• The six  āyatana (the six are collectively called “salāyatana)  may be created at a given moment depending on the situation and also depending on the gati of the particular person.
  • In the “Idappaccayātā Paṭicca Samuppāda“, salāyatana arise via, “nāma rūpa paccayā salāyatana“. When we trace steps backwards, we see that nāma rūpa arise via “viññāna paccayā nāma rūpa“. Going further back, “saṅkhāra paccayā viññāna”, “avijjā paccayā saṅkhāra”. Thus salāyatana arise as a series of mental actions starting with avijjā.
  • When one of the six indriya brings in a sense input, that sense input MAY induce greed or hate due to avijjā and through the above series of Paṭicca Samuppāda steps to CREATE one or more of the salāyatana to arise.

8. Thus our indriya do not change from moment-to-moment, but āyatana do.

  • For example, our eyes (cakkhu indriya) may not change significantly for years; of course an accident can instantly change them or they can degrade with old age.
  • But cakkāyatana change from moment-to-moment. We can be instantly attracted to an eye-pleasing object.

9. In another example, suppose an alcoholic is walking around inside an airport waiting for a flight. If he sees a bar, he may decide to stop and take a good look at it, think about for a minute and just go in to have a drink.

  • The initial sense input (seeing the bar with cakkhu indriya), triggered his deeply-ingrained craving (āsava, anusaya) for a drink to come to the mind. Then acting with avijjā, at least two of the six āyatana arose in his mind: thinking about having a drink (manāyatana), walking inside and ordering a drink (kāyātana).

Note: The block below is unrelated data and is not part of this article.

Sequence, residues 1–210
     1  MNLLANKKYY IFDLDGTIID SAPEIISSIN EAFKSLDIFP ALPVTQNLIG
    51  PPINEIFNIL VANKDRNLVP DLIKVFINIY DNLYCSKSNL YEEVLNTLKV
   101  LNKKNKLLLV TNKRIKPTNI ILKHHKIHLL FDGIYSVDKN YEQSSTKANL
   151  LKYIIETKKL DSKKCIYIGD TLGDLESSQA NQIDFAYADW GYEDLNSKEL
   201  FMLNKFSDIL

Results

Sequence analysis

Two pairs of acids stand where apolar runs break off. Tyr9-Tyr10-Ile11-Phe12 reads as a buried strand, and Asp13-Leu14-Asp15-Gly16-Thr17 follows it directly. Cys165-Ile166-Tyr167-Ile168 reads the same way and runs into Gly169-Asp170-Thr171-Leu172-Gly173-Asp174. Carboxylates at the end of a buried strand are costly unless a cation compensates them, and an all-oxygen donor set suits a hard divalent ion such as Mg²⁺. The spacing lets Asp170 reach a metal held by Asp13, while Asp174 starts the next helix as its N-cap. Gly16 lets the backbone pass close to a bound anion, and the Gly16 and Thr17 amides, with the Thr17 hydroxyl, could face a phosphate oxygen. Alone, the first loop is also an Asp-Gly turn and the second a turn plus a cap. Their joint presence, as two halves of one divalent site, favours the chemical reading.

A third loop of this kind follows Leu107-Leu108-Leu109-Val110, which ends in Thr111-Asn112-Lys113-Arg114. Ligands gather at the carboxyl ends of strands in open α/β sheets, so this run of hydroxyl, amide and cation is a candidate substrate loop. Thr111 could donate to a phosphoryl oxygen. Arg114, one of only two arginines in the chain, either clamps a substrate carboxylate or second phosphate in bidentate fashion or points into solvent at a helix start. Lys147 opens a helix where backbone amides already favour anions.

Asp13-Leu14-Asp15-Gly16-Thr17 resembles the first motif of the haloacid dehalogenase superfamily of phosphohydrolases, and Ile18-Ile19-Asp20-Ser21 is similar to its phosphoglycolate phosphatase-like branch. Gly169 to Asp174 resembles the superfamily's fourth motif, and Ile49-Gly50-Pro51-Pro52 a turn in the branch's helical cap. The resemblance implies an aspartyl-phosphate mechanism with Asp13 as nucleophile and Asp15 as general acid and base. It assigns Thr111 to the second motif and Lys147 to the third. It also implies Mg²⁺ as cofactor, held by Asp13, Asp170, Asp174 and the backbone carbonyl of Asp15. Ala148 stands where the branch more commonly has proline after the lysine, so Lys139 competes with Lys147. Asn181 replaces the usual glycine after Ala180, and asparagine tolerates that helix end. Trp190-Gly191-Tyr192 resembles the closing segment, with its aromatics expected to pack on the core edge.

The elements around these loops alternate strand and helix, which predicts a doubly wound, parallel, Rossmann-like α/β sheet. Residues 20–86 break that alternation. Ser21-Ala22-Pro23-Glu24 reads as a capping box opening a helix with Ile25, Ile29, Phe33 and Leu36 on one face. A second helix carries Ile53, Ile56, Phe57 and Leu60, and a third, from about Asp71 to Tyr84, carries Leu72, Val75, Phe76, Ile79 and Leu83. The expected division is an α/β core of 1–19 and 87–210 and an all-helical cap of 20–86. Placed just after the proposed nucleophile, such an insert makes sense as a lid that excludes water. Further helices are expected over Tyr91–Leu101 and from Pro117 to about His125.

• Many other people saw the same bar, totally disregarded it and kept walking. The sense input from the cakkhu indriya did not lead to the arising of any of the salāyatana for them.
  • This is why even in a normal human, the sense faculties do not work as  āyatana all the time.

10. If we live in this world, we have to use the sense faculties in order to live; here we use them as indriya.

  • But when we use them as āyatana, we are in a sense making future bhava (especially if those actions are strong).

11. Now we can also figure out what is really meant by the “indriya bhāvanā“.  It simply means making sure that the indriya do not become āyatana.

  • Of course, we need to focus on the most egregious acts first. For example, when one sees an eye-catching object in a shop, stopping there and thinking about how nice it would be to be able to take it home is making āyatana. But that is hard to avoid for a normal human who has not yet attained a magga phala.
  • However, if the attraction to the object becomes strong, that could lead to āyatana other than the cakkhāyatana come into play: one may decide to steal it. This is of course far too dangerous. As soon as that mindset comes to play, one has to think about the consequences and forcefully stop it.
  • Thus  “indriya bhāvanā” is nothing but special application of the Satipaṭṭhāna bhāvanā. In fact, “indriya bhāvanā” is to be practiced not in a “sitting down” meditation session, but while one is doing normal  day-to-day activities.

12. Thus only Arahants use their sense faculties as indriya ALL THE TIME. They do not form attachments to body touches, tastes, odors, sounds (music), pictures, or any type of concepts (thoughts).

  • Even a normal human does not use eyes as āyatana all the time. We may see numerous things even during a short walk. Most of the things we see we just ignore, because they don’t interest us. This is another way of saying that those things don’t trigger any anusaya or āsava  in us or we don’t have the gati to form a liking for them.

13. Finally, it must be noted that there are other types of indriya that come into play in different contexts.

  • For example, “panca indriya” in 37 Factors of Enlightenment refer to very different types of indriya: sati, samadhi, panna, viriya and saddha; see, “37 Factors of Enlightenment” and “Two Versions of 37 Factors of Enlightenment“.
  • There are five indriya in “panca indriya“, whereas there are six indriya in reference to sense faculties.

These mind-made pleasures experienced with āyatana are called assāda (or āsvāda in Sinhala). For an in-depth analysis, see, “Assāda, Ādīnava, Nissarana“.